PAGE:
Communication is a vast topic and a great one. A lot of my work with clients revolves around the way we communicate first with ourselves openly or secretly and also how we communicate with those closest to us.
I believe that in a family where there are two parents the most important relationship is that of the couple. Yet communication between men and women is not always straightforward; this is partly why John Gray’s book Men are from Mars, Women are from Venus is still such a hit. In my consulting room, I continually hear anecdotes of miscommunication and misunderstandings which, little by little, can erode even the most loving and devoted of relationships.
Communication is not something we can ever stop working at because our internal world is so complex.
Here are some key ideas to help you along the way.
1. Understand each other’s communication styles
There is a reason why personality profiling is so popular in business and sport. A family is a small team with individual strengths, weaknesses and preferred communication styles. Why not fill out a personality profile together and see what you can learn about each other? This is a great way to open a dialogue about how to best communicate with each other in different situations.
2. Seek to understand, then to be understood
One of our deepest needs is to feel understood. We relax when we feel that another really understands us – we no longer need to defend our position quite so fiercely and we’ll more readily listen intently in return. Learning to listen deeply takes some practice but the results are amazing because the depth of the connection you form strengthens your relationship
3. Timing is everything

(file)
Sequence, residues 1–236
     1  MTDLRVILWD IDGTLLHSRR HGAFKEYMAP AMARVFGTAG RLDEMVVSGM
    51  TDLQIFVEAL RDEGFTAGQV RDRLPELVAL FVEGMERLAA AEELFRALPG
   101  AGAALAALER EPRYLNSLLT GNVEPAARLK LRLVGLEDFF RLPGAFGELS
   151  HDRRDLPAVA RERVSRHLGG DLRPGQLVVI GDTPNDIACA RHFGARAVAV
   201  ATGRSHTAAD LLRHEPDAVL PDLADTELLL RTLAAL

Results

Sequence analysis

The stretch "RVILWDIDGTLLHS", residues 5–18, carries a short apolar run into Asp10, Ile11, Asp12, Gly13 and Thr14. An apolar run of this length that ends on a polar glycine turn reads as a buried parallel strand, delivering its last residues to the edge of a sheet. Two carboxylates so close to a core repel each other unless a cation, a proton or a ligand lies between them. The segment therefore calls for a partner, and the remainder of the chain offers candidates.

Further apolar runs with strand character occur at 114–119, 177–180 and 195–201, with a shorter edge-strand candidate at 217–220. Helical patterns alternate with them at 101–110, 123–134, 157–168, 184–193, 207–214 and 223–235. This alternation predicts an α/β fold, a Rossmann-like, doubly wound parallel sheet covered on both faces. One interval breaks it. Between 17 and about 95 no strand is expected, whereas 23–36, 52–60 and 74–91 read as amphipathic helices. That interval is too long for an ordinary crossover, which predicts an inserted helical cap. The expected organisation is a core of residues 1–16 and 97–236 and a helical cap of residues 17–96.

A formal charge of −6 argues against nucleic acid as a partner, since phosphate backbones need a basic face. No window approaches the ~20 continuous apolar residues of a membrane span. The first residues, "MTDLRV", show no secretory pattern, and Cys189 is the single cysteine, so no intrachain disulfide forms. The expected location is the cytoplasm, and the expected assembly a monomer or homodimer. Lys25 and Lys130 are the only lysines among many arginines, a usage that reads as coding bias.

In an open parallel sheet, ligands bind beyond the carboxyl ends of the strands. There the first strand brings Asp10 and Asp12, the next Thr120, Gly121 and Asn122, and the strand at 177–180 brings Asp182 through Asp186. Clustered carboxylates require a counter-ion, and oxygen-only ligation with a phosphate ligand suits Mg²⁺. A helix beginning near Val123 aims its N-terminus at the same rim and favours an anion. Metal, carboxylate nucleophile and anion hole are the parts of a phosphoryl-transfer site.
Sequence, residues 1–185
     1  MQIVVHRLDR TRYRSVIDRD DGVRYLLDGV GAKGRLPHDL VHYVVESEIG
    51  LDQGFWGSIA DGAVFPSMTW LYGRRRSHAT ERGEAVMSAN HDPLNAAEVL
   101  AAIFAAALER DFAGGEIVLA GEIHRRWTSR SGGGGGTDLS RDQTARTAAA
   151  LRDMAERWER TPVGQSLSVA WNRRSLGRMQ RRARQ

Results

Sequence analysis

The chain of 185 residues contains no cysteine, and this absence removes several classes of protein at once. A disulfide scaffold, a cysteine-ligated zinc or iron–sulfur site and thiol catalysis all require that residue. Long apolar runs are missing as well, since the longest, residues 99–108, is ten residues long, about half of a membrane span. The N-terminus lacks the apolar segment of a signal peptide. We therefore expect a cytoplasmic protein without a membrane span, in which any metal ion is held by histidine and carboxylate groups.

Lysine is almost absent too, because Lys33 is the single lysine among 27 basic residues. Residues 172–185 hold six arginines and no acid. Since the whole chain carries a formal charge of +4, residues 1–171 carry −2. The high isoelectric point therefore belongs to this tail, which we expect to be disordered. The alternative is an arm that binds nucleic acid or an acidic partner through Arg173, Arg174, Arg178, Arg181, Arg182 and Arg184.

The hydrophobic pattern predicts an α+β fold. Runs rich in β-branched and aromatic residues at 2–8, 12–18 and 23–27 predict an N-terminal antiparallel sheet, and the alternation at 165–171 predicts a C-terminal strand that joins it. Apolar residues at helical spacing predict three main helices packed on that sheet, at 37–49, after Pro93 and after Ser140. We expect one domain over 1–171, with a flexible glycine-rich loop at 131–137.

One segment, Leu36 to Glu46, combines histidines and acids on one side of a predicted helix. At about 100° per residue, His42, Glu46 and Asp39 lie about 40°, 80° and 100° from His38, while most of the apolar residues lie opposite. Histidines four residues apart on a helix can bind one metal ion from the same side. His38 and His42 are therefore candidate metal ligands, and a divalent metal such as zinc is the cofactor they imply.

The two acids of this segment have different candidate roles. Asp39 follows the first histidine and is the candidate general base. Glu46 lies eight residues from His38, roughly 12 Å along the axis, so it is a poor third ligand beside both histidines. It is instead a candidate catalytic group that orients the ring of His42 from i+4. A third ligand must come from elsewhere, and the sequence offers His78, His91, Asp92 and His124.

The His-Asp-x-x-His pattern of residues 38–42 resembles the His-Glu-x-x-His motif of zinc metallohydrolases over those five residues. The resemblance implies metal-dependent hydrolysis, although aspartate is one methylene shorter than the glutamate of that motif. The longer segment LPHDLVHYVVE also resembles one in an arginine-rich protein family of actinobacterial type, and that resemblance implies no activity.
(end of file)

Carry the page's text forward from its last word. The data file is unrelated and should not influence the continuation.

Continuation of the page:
When you have something tricky to say, wait for a moment when they will not feel under attack, particularly if your partner already feels tense. It may also help to settle some of your own emotions and help you gain perspective on the situation.
4. Say it loud, say it clear
Learn to communicate your needs and wants clearly. So often I hear, “But I thought he’d have tidied the kitchen. He knew we were going to get home late” or, “She didn’t tell me that she needed help with the shopping”. Assuming that our other half understands our needs and wants without clear communication from us creates so much tension, especially when it comes to home chores. The idea that others can read our minds is romantic but treacherous.
5. Talk things through
Debrief when things have gone wrong. Seek to understand where it’s gone wrong, listen to each other and make a plan you’re both happy with for next time you find yourselves in a similar situation. View it as a learning opportunity.
The more we invest in learning to understand each other, communicate positively and respect each other’s needs and personality, the more fulfilling and solid our relationships can become.
Svetlina Jeanneret specialises in working with parents to help them create the life they want for themselves and their families. She runs The Oxfordshire Family Project, regularly appears on BBC Radio Oxford and is on The Toddle About Panel of Experts. Follow at facebook.com/oxfordshirefamilyproject.